The person from across the valley, that one was officially (by classmates) paired with. Designated boyfriends/ girlfriends, who were consequently considered off-limits for others.
Slang for taking a piss, also used in the context of someone “wetting their pants” in moments that mattered.
To pill was to tell tall tales. Therefore, pilling, and pillers – those who would spin false stories to eternity.
Fail the exams. For a more elaborate alternative, check out Bhatting.
The most dreadful start there could be to a semester, a visit to the hospi to get your TABC injections. Administered mostly at the hands of Usmani Ji, pokes could hurt you for the next three days, and give you fever too.
Tuesdays were a hogger’s delight – Pooris, Chholas and Kheer to boot, it was a vegetarian dinner for everyone at Oak Grove. Legends were born from the exploits of a talented few, in terms of the number of pooris they would devour.
Slang for pornographic material. Whether it was books, magazines, or movies of varying degrees of explicit content, it was all Pondy in general.
Father, predictably 🙂
Marks obtained in unit tests by virtue of your popularity with a particular teacher. These were marks given to you over and above those you got because of your merit.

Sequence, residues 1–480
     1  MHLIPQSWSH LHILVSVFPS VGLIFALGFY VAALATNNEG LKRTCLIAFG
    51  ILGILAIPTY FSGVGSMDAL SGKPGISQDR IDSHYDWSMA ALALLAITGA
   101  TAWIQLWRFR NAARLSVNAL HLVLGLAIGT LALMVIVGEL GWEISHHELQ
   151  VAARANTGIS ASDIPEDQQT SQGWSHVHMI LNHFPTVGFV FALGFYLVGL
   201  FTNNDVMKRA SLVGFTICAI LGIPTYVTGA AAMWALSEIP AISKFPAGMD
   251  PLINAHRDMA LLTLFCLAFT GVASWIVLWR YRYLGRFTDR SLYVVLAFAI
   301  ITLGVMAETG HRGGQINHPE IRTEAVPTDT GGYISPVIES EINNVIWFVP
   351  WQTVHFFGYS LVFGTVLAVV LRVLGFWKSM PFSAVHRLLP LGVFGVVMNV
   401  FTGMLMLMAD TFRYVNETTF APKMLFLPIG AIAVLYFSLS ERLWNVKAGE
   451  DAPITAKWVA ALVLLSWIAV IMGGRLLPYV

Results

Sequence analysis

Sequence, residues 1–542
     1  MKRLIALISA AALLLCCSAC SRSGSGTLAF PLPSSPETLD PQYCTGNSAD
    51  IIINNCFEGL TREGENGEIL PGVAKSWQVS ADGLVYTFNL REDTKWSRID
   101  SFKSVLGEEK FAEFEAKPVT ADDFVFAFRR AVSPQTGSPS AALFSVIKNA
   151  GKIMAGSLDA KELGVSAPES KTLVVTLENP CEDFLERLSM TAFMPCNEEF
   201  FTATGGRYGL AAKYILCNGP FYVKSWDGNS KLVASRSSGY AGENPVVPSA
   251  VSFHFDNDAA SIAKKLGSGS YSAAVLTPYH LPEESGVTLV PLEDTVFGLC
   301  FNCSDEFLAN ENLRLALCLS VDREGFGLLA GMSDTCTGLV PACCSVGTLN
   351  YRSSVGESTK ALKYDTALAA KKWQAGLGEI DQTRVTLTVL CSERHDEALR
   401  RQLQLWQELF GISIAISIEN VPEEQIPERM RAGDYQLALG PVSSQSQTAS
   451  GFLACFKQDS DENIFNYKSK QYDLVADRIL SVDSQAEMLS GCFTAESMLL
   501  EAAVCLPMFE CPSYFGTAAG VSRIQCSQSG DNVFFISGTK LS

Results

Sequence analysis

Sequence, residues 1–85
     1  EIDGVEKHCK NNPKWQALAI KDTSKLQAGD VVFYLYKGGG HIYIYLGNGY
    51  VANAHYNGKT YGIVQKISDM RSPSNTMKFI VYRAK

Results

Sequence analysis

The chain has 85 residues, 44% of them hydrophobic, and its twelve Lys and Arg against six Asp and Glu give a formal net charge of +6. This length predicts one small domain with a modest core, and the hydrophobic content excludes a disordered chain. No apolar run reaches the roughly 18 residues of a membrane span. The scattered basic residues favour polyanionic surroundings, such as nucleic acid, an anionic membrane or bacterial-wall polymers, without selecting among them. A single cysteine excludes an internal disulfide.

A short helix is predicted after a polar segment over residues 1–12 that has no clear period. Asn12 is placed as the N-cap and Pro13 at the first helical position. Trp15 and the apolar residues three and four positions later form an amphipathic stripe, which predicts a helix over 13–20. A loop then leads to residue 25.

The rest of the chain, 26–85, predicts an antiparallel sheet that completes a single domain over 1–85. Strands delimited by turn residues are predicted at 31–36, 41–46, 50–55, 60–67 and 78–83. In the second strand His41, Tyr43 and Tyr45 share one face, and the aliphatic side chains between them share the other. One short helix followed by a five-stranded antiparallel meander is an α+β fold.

Short for practicals.
Short for preparation, Preps were periods of self-study that were built into the schedule of a typical Oak Grove day. A morning prep before breakfast, an evening prep before supper, a night prep after supper, and several preps on hols, mostly upon the consideration of the MOD.
Short for Principal, OGS.
Nothing comes to mind. Please let us know if you have something to offer.
Records, those beautiful vinyl discs in the Common Room that one would listen to, on the record players in the days gone by. Over the years, the collection of records in OG grew to a variety of genres, before tapes and CDs became the norm, and LPs and EPs were all but forgotten.
The regimen one would follow typically before Indexing days, if one was trying to drop a few pounds to make it to a desired division to compete in.
Apply Floods or Cherapunjis to Girls School, and you’ll get a Roman Soldier.
A plain paper note book to take rough notes in, always available on demand from the stationery room.
Unlike its conventionally accepted slang meaning, the word denoted only self-pleasure activities at school. Consequently, if you were lackadaisical at something you were expected to do well at, you could well be accused of shagging at the job.